Allotted Time: Two Blokes, One Shed, No Idea by Robin Shelton

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Allotted Time: Two Blokes, One Shed, No Idea by Robin Shelton

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Category: Autobiography
Rating: 4/5
Reviewer: Sue Magee
Reviewed by Sue Magee
Summary: An inspiring story of how two men with little knowledge took on an old allotment and grew their own vegetables. It's not a step by step guide for the novice allotment owner but it's an amusing, easy read and at the end of it you'll know whether an allotment is for you.
Buy? Yes Borrow? Yes
Pages: 256 Date: March 2007
Publisher: Pan
ISBN: 978-0330441254

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Robin and Steve got talking one night and thought how good it would be to get an allotment and grow some of their own vegetables. Each thinks that it was originally the other's idea. Neither of them was all that keen on vegetables and didn't even know a great deal about gardening, but they took on the allotment, got it into a reasonable shape and grew a decent crop or two in their first year. When you say it quickly like that it sounds like a relatively simple task, but it cost blood, sweat, minor injuries, bad language and quite a few tears.

Neither Robin nor Steve had much of a history of succeeding at what they did. Robin was newly divorced, had moved home more times than he cared to remember and seventeen months in one job seemed like a long time. If you add in to the equation the fact that he's also a manic depressive and flat broke you can see that the success of the venture was far from guaranteed.

The allotments are in Twyford in Hampshire - a sleepy place full of birdsong, as Robin describes it. The only deafening sound seemed to be the noise of the weeds growing as they attacked the plot with more enthusiasm than knowledge. There's a whole gang of fellow allotment holder waiting to give advice though, but some of it is more useful than the rest. Gradually the plot is cleared and planted, a shed is built and there's even a greenhouse elsewhere to provide some seedlings.

I've grown tied of the TV gardening programmes despite the fact that I never missed them in Geoff Hamilton's day. I look at them now and wonder if the compost came in a bag from Harrods - along with the natty little outfits they all wear. This book is a splendid antidote to such gardening. It's about people who have no money to spare, no knowledge and not even a history of success. There are good moments but we're told the bad ones too. It's about getting knowledge from cheap books picked up in charity shops and people growing similar crops all around them. It's about being part of a community.

If you're looking for the definitive 'How to Run an Allotment from Scratch' book then this really isn't the one for you. You'll get some ideas and you'll certainly get inspiration but you won't get step-by-step instructions. There are fact sheets in the appendices, but they only cover the specific varieties grown. If you're looking for a reason not to have an allotment then I would say that this is the perfect book as you'll hear an awful lot about the trials and tribulations. It's painted with a humorous brush, but if you read this then you'll know exactly what you're taking on. If you do decide to go ahead then the book will be an inspiration.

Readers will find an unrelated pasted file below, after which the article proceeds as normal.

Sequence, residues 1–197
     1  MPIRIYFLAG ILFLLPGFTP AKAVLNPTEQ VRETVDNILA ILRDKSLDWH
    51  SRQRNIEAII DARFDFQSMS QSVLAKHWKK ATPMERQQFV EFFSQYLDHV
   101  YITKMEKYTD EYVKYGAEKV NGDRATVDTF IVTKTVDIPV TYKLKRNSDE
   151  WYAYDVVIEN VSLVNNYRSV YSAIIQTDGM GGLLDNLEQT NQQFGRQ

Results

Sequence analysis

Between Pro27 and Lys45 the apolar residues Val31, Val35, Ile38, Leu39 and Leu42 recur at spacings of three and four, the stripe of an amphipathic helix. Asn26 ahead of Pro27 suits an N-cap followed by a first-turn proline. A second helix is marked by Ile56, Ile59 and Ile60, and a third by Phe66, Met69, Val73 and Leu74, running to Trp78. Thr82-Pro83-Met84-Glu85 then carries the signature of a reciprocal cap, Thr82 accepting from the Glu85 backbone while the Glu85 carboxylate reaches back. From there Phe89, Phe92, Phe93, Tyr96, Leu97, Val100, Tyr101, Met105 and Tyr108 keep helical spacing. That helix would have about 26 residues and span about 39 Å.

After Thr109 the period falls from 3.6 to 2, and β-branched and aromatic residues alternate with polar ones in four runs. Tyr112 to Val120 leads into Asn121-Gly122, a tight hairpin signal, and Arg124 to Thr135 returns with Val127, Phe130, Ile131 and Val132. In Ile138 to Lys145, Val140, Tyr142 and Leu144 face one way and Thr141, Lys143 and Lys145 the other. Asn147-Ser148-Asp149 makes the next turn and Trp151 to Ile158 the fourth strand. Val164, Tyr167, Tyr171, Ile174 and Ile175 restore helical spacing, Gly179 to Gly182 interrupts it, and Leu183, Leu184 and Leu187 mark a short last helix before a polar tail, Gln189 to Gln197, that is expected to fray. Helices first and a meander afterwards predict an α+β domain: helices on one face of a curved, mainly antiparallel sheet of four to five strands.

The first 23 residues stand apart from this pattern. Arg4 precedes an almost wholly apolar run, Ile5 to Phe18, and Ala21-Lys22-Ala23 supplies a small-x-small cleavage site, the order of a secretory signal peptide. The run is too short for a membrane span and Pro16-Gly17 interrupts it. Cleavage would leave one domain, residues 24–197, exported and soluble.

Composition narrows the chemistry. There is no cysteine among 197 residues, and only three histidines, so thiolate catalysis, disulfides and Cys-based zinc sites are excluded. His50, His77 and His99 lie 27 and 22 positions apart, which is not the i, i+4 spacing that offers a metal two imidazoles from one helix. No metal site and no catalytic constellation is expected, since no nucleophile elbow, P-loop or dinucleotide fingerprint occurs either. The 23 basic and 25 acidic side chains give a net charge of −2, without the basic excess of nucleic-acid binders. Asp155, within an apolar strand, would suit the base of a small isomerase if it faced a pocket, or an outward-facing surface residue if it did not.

Allotted Time is very easy reading. I finished it in a couple of evenings and there were times when it was laugh-out-loud funny even verging on slapstick comedy, but most of it is just self-deprecating good humour. I really felt that I knew Robin and Steve and Robin's two children who were beginning to take an interest in gardening at the allotment. Most of all though I just felt proud of the blokes and what they'd achieved.

Thinking back over the book a couple of days after I finished reading it I'm more convinced than ever of the value of such open spaces. The allotment gave Robin and Steve exercise, fresh air, food and a sense of achievement. There ought to be more spaces like this with people being actively encouraged to discover that food doesn't come out of a carrier bag and needn't come laced with additives and pesticides. Read the book and you might just find yourself getting hold of the spade and wondering where the gardening gloves were left.

Bookbag would like to thank the published for sending this book.

You might like to read Ellen MacArthur's Taking on the World for another story of achievement against the odds.

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Magda said:

Poles are or used to be obsessed with these things - I always found them really rather claustrophobic with all these people tending to theirs around (they were 300sq m under communism as a standard, I think it's similar to UK allotments but not sure); but then the second thing I would do if I was rich is to hire somebody to work my garden. I think this book would make me shudder too much (in fact the spring is coming and I have been already shuddering about having to do something in the garden if it's to even approach reasonable).